Anything Can Happen … But We’ll Probably Be Alright

Everything will be alrightI don’t really buy magazines, except for the “Best and Worst” issues; I’m a sucker for those. Most Awkward Moments of 2017? Worst Dressed at the Oscars? I want to know. And come on now, I know I’m not the only one. Chronicle editors, publish a “Best-Dressed at the ATA Conference” issue and see what happens to your numbers. Same for those tantalizing click-bait posts with catchy lists: 5 Worst Translation Blogs; 10 Guaranteed Ways to Find Direct Clients; 3 Mistakes That Will Torpedo Your Business — they’re the fun-size candy bars of the article world.

What makes these lists so enjoyable? Part of it is simply that they’re harmless fun disguised (very thinly) as informative pieces. They also wrap up the news, or the year, or our culture, in a tidy, manageable package. And that is appealing, because most of the world is not tidy or manageable or fun, for that matter, as we are constantly reminded by the never-ending, 24/7 global news cycle we’re exposed to. And our own lives, although hopefully manageable, are usually not tidy for very long.

Because life is change, and change is hard, and you don’t always see it coming. Or worse, it turns everything upside down forever. Last week, one of my son’s classmates from high school died from an OxyContin overdose. I didn’t know this boy personally, but it hit me hard, partly no doubt because he is the same age as my son and tragedies like this speak to every parent’s worst fear. It’s the sudden, horrific finality of it, and the knowledge that for this mom and dad, life will never, ever be alright again.

I know that this tragedy is not about me, but it still colors my perspective at the start of a new year. What helps me is to remember that most of the changes we will face this year will likely not be tragic but merely challenging, and that “things usually turn out alright and will probably turn out alright again.” This doesn’t sound very philosophical or profound, but I read it somewhere and it stuck with me, and it’s gotten me through some late-night vigils when my college-age sons were out late.

Regardless of New Year’s resolutions or 5-year plans, we don’t always get to pick our changes and we don’t always see them coming. But we can choose how we respond, and this is true in business as in life.

I’ve been inspired by some of you in this regard. In a recent post of his  Patenttranslator’s Blog Steve Vitek wrote about his response when Japanese patent translations started to dry up. Instead of giving up or passively accepting a drop in income, he changed course and found a different niche. In another post he described escaping from communist Czechoslovakia in the early 1980s and making his way to America, and I’m sure the resilience this required has served him well in his career.

The profession as a whole is going through some sea-changes as well, but it’s hard to tell if we’re up or down sometimes: depending on the headline, translators are thriving — no wait, we’re dying — no wait we’re fine. According to a report published by the University of California San Diego Extension Center for Research, Interpretation/Translation was the number one emerging career in terms of job growth in 2017. At the same time, there are many who are happy to explain that the era of human translation is drawing to an end and that our only hope is to “repurpose” ourselves as post-editors of machine translation. (I’m getting “Lord of the Rings” chills just writing that). Judging from the low median hourly earnings of $21.90 reported by UCSD, it could very well be that part of this reported growth is, in fact, in the post-editing/bulk market sector. So now what?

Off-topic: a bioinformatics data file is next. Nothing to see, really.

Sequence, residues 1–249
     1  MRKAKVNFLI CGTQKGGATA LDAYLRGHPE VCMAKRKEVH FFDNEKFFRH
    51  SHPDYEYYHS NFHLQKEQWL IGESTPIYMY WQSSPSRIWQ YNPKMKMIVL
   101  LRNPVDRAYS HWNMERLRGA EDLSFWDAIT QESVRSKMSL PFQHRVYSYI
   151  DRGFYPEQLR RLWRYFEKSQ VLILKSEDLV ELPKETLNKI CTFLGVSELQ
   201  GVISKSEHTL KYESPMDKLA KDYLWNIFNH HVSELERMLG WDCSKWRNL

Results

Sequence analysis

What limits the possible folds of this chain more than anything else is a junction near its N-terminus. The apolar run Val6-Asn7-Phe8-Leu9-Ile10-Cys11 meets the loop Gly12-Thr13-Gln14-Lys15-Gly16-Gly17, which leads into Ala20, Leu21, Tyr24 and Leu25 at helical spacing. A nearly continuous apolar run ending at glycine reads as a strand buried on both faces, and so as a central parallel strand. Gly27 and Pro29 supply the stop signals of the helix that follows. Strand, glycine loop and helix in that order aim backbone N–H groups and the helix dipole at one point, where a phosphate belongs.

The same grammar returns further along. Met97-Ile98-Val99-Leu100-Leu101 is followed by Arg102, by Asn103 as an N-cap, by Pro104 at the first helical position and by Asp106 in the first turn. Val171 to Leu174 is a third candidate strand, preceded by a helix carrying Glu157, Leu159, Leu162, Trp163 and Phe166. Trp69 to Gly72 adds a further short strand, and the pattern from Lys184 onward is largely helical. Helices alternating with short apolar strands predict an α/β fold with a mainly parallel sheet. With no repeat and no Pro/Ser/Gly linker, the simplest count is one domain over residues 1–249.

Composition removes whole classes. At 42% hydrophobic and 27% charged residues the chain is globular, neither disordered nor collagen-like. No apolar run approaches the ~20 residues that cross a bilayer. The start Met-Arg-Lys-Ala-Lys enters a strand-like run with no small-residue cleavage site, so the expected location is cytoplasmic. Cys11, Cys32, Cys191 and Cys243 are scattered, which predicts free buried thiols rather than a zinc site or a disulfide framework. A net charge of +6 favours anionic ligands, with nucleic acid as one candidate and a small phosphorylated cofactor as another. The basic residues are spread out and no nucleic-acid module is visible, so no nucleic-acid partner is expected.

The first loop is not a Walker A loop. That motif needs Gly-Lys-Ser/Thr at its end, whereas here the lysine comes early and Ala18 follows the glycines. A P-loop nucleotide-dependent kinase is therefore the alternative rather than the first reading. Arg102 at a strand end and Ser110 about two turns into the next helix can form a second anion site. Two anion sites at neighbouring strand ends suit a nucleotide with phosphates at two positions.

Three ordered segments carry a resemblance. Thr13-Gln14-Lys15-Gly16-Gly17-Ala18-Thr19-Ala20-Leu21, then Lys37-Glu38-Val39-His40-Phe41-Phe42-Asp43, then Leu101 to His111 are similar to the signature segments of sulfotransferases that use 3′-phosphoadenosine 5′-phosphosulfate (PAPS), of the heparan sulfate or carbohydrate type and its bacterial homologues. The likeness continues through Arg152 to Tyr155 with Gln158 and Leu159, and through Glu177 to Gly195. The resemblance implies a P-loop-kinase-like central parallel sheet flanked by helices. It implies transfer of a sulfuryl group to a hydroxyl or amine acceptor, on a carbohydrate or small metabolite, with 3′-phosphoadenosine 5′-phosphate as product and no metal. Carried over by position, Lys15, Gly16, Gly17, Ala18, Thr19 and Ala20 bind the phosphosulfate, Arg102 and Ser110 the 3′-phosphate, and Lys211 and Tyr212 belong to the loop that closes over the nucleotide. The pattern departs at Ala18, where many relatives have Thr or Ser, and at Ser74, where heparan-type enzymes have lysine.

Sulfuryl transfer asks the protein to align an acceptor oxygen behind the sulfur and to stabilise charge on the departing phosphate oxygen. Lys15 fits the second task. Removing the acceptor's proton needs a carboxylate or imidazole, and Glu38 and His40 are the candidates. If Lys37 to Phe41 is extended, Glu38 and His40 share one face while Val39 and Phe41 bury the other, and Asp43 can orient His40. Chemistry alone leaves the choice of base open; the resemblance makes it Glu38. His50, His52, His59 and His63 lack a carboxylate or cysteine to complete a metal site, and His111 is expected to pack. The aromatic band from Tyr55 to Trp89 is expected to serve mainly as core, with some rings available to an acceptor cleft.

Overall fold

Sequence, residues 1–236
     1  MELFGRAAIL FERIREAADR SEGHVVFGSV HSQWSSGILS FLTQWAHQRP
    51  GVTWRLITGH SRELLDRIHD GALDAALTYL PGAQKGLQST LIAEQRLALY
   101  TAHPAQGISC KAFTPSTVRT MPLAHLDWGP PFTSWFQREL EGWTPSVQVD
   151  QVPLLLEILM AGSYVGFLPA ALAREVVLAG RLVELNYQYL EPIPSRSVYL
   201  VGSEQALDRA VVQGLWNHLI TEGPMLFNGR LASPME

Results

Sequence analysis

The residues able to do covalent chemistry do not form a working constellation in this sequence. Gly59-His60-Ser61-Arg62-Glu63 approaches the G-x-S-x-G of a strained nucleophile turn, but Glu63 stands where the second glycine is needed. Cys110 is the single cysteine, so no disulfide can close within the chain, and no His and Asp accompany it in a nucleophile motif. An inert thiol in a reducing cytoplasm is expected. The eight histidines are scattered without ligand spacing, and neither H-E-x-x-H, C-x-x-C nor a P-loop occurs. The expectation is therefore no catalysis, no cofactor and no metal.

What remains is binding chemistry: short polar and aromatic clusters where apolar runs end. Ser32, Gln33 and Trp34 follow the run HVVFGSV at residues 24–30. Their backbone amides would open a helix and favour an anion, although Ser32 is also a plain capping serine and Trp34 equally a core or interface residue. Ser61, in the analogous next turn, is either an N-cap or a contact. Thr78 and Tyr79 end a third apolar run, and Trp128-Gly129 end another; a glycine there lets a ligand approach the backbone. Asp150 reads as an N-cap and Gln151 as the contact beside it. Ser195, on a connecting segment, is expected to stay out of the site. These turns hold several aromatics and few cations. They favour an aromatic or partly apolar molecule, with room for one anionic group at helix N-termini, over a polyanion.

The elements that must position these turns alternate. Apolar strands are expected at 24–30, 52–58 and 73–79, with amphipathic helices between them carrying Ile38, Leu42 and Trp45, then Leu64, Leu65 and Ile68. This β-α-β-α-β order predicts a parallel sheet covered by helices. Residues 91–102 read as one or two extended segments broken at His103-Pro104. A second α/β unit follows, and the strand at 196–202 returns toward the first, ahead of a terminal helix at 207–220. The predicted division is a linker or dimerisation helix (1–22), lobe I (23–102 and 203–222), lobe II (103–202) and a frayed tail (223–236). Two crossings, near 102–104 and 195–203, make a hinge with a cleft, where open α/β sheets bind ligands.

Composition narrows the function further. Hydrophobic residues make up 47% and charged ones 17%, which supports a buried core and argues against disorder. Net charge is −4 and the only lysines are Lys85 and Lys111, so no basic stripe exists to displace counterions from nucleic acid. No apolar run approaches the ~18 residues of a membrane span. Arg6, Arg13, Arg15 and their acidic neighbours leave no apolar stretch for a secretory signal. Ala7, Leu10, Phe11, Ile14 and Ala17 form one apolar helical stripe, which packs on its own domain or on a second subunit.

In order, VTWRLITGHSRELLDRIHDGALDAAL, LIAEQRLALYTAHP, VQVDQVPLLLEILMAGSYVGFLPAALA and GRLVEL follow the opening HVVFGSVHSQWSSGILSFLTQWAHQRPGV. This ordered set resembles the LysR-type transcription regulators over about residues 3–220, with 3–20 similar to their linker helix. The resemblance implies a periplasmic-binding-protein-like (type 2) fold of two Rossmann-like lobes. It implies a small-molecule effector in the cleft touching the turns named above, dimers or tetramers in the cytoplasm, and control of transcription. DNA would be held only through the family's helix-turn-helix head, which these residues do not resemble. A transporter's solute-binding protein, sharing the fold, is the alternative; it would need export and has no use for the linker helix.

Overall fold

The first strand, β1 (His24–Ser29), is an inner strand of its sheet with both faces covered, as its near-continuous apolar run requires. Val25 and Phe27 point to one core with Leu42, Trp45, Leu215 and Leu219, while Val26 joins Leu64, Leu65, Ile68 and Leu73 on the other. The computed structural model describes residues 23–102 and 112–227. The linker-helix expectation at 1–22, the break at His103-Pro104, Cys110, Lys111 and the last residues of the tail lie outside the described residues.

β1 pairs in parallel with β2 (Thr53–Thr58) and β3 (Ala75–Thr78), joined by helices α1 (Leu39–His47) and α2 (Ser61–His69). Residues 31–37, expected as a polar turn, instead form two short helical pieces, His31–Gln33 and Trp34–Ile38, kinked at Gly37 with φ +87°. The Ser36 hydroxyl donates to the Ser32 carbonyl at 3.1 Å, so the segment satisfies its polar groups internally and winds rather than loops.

The thing about lists and statistics is that they offer only bite-sized bits of a bigger, more complex picture. For example, I’m a medical translator. The pharmaceutical industry is not likely to stop developing new drugs anytime soon, nor are they likely to risk killing people and lose billions of dollars’ worth of investments by cutting corners with machine translation of handwritten doctors’ scribbles. So these macrotrends are worth keeping an eye on, but not necessarily worth losing sleep over.

The actual changes that affect our careers are much more mundane and specific. For example, an agency I started working for many years ago sent out a mass e-mail asking us translators to lower our rates in light of the economic blah blah blah. I refused to do so, and I have noticed that most of their job offers since then have been for editing. Their strategy is obvious: have the translation done by a cheaper translator and then fix it up in the editing phase. Unfortunately, a) I don’t like editing, and b) the hourly rate paid by most agencies is about $50 at the most, which is much less than I make translating (paid per word, so they have no idea what hourly rate that converts to). So I reject these editing jobs, partly because I don’t like getting played, and partly because I usually have enough translation offers lined up to fill up my schedule.

Except … when I don’t. That’s when my faith in the overall stability of my life and my business is tested. As a matter of fact, I’m in the middle of one of those odd radio-silence weeks right now, when my inbox remains inexplicably empty. This has happened a few times over the years, so I’m learning. The first time I panicked, the second time I cleaned the garage while panicking, and this time I made myself a nice hot cup of coffee and started writing this post, knowing that this, too, shall pass.

I will face challenges and changes this year. And so will you.
But I think we’ll be okay.

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Pattern Recognition for a Thriving Translation Business

Humans are strongly predisposed to recognize patterns. Music, math, language, and art all appeal to this part of our brain, but we also use this ability thousands of times a day for more mundane purposes, such as picking out a familiar face in a crowd and or finding a bottle of Heinz ketchup at the grocery store. So strong is this innate tendency, in fact, that we even see patterns where there are none, imposing order and meaning where none exist. This need to impose order is the basis of the Rorschach test, where the subject is invited to interpret random or ambiguous images.